Freedom for replicate bears [R for BE/BA]

posted by d_labes  – Berlin, Germany, 2009-04-17 12:06  – Posting: # 3554
Views: 61,048

[image]
Replicate berlin buddy bears

Dear all, especially the Ruses among you,

(ok, the category could also has been Regulatives/guidelines)
continuing my deeper look into R exemplified by the source code of bear I noticed the following:

The key statement in bear for evaluating replicate BE studies (astonishing enough claimed as only 2-sequence designs allowed?) is
  model <- lme(y~seq+prd+drug, random=~1|subj, data=blabla, method="REML")
with y the PK parameter under evaluation (raw or log-transformed).

This is the equivalent of SAS Proc MIXED code:
  Proc MIXED data=BlaBla ;
    class subj drug prd seq;
    model y=drug prd seq /ddfm=BETWITHIN;
    random subj;
    estimate 'T-R' tmt -1 1 /cl alpha=0.1;
  run;


The used model assumes equal within/between variabilities for Test and Reference and also no subject-by-treatment-interaction, if I'm right.
This is very stringent and consequent, if we talk about ABE.

But in real world there are regulators out there! :-P
And some of them do not like consequent scientific assumptions / models.
Thus it happens that the FDA model for evaluating ABE within replicate designs (discussed occasionally here in the forum, SEARCH!!!) must have different within/between variabilities for Test and Reference and also subject-by-treatment-interaction included in the model.

After reading again tons of Websites (seems nobody evaluates x-over studies with R) I came up with the following attempt in R:
  model2 <- lme(y~ drug + prd + seq,
# this random statement fits a symmetric positive definite covariance matrix,
# identical to UN in SAS???
                random= ~ tmt-1|subj,
                #different within variabilities                 
                weights=varIdent(form = ~ 1 | drug),
                data=BlaBla, method="REML")

This code gives for the bear built in dataset the same covariance parameters as the SAS code from the FDA statistical guidance except the fact that SAS Proc MIXED uses variances and the lme() code uses standard deviations.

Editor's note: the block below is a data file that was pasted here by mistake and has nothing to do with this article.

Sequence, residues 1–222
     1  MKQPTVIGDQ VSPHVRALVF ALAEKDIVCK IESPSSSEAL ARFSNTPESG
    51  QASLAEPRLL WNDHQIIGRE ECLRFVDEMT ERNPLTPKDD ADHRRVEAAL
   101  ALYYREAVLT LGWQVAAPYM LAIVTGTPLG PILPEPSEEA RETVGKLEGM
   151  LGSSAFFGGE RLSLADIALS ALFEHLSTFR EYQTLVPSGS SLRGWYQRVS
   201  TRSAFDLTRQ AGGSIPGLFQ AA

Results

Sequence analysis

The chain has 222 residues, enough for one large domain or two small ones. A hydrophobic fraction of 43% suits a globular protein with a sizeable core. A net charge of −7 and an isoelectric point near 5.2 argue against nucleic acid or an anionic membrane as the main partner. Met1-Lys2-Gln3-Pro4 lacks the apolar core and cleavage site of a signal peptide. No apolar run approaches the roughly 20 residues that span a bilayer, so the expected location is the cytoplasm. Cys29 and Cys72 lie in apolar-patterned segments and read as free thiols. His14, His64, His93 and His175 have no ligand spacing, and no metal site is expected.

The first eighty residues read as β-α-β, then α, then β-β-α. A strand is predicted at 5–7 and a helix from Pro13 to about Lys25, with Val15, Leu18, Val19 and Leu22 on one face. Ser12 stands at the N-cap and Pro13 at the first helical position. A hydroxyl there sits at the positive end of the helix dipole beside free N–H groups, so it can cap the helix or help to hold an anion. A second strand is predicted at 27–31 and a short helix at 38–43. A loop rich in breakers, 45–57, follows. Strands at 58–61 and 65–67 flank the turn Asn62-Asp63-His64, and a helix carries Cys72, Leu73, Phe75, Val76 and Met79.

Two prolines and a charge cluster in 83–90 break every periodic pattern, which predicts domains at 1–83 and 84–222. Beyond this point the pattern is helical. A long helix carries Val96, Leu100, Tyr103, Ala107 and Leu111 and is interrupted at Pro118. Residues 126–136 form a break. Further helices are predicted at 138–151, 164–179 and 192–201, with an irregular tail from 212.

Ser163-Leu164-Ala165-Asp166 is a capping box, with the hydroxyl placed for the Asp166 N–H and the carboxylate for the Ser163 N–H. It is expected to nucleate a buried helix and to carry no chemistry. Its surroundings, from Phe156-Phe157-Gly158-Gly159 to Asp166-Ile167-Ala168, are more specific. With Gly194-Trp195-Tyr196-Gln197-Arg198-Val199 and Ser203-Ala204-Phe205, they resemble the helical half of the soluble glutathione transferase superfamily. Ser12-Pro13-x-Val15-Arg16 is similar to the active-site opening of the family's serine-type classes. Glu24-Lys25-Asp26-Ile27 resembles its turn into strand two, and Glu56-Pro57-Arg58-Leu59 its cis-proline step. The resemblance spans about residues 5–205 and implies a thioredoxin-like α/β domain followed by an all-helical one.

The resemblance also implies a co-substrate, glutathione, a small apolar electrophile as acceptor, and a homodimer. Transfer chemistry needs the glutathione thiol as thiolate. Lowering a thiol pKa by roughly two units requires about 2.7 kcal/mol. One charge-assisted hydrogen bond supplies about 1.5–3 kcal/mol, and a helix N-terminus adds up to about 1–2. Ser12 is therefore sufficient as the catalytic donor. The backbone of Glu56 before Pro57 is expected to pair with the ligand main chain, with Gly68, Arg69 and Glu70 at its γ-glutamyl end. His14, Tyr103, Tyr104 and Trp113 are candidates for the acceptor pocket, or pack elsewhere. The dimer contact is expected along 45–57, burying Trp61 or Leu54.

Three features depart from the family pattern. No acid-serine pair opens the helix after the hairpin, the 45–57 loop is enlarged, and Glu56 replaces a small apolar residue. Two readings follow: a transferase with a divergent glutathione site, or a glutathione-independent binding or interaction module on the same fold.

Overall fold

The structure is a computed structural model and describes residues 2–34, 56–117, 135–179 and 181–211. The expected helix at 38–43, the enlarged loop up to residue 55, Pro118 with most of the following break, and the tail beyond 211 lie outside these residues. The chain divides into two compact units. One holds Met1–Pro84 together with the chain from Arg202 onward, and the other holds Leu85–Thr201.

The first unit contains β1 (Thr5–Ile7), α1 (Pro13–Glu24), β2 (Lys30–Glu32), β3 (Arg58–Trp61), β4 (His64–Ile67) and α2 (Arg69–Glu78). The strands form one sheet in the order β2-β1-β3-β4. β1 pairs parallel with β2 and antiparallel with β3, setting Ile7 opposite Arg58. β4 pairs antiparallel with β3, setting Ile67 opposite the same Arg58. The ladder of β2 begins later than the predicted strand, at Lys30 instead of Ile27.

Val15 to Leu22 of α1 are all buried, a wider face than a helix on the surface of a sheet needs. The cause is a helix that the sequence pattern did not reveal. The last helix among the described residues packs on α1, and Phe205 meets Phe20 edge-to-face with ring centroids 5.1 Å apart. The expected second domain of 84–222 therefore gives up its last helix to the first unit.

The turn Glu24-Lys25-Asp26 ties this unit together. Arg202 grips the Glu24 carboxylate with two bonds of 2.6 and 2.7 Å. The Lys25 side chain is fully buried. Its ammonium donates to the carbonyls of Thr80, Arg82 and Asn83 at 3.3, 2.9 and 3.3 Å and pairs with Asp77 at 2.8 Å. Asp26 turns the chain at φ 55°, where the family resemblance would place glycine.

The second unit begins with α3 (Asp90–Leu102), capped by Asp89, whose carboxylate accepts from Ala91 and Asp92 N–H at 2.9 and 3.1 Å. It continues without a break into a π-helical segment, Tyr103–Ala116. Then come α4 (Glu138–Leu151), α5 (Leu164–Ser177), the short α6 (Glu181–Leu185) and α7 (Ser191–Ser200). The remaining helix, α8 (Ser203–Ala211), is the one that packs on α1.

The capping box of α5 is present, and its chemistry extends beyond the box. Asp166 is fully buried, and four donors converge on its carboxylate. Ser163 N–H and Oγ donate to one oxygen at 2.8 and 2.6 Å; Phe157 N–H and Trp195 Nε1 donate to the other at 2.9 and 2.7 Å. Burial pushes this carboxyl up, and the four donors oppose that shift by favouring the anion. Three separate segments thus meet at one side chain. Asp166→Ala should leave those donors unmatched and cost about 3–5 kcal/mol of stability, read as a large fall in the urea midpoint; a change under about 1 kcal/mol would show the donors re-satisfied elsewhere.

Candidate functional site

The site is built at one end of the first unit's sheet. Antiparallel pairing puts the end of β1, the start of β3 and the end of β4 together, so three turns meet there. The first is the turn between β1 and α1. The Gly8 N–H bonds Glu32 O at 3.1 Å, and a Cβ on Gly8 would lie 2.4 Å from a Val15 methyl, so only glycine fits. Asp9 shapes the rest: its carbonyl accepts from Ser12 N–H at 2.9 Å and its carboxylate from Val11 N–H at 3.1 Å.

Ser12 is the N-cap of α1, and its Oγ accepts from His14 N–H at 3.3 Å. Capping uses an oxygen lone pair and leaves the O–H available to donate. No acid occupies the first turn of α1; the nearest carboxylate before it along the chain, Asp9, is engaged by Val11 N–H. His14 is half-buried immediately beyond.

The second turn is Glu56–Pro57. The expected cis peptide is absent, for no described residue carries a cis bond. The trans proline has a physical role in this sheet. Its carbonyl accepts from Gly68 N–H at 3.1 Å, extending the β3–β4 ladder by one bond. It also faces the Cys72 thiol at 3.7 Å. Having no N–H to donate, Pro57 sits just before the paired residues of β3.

--- snip ----
SAS:
                             The Mixed Procedure
                              Estimated G Matrix

            Row    Effect    tmt    subject        Col1        Col2
              1    tmt       R       1          0.02220    0.002729
              2    tmt       T       1         0.002729     0.01492

                         Covariance Parameter Estimates

                                              Standard         Z
 Cov Parm     Subject    Group    Estimate       Error     Value        Pr Z
  UN(1,1)      subject              0.02220    0.009077      2.45      0.0072
  UN(2,1)      subject             0.002729    0.005318      0.51      0.6079
  UN(2,2)      subject              0.01492    0.006095      2.45      0.0072

  Residual     subject    tmt R    0.000058    0.000023      2.50      0.0061
  Residual     subject    tmt T    0.000011    4.762E-6      2.37      0.0090

R (have changed drug to tmt, prd to period, subj to subject)
cat("G matrixn")
getVarCov(model2)
G matrix
Random effects variance covariance matrix
          tmtR      tmtT
tmtR 0.0222050 0.0027286
tmtT 0.0027286 0.0149240
  Standard Deviations: 0.14901 0.12216
print(model2)
Linear mixed-effects model fit by REML
  Data: PKparms
  Log-restricted-likelihood: 98.1282
  Fixed: y ~ tmt + period + sequence
 (Intercept)         tmtT      period2      period3      period4 sequenceTRRT
  7.35627371   0.06373952  -0.06170010  -0.05964129   0.00348174   0.00266416

Random effects:
 Formula: ~tmt - 1 | subject
 Structure: General positive-definite, Log-Cholesky parametrization
         StdDev     Corr
tmtR     0.14901302 tmtR
tmtT     0.12216340 0.15
any body out there who knows how to get more decimals here? Residual 0.00335726     

Variance function:
 Structure: Different standard deviations per stratum
 Formula: ~1 | tmt
 Parameter estimates:
      T       R
1.00000 2.27674
Number of Observations: 56
Number of Groups: 14

--- end snip ---
I was soooo happy: An old SAS dog, nothing learned else, has become a Ruser! :-D

But then it came to the freedom to some degree:
--- snip ---
SAS: now with the DDFM=SATTERTHWAITE (DDFM = denominator degree of freedom method)
          Type 3 Tests of Fixed Effects

               Num     Den
 Effect         DF      DF    F Value    Pr > F

 Drug            1      12       1.79    0.2053
 prd             3    14.3       2.59    0.0930
 seq             1      12       0.00    0.9623

R:
anova(model2,type="marginal")[2:4,]
         numDF denDF  F-value p-value
tmt          1    38 1.793900  0.1884
period       3    38 2.593551  0.0667
sequence     1    12 0.002331  0.9623

--- end snip ---

Ok, I have learned (by reading again tons of websites) that R has no package with Satterthwaite denominator degrees of freedom in mixed models.
But all other available DDFM in Proc MIXED gave not a denDF=38 for the treatment effect. One gets always lower denDF in SAS and as a consequence of that wider 90% confidence intervals!

Thus my choice of software would be lme() and R because with that it is easier to make my sponsors happy :-D.
But the question is: Are regulators evenly happy with that?

Whats going on here? Do I miss anything in the R approach?
Or is the denominator DF question also like type III SumOfSquares? (I have read some Websites indicating that).

BTW: Parallel Bears (crossing at infinity according to the geometric axioms) have also same variance :-(. But this is another story.

Regards,

Detlew

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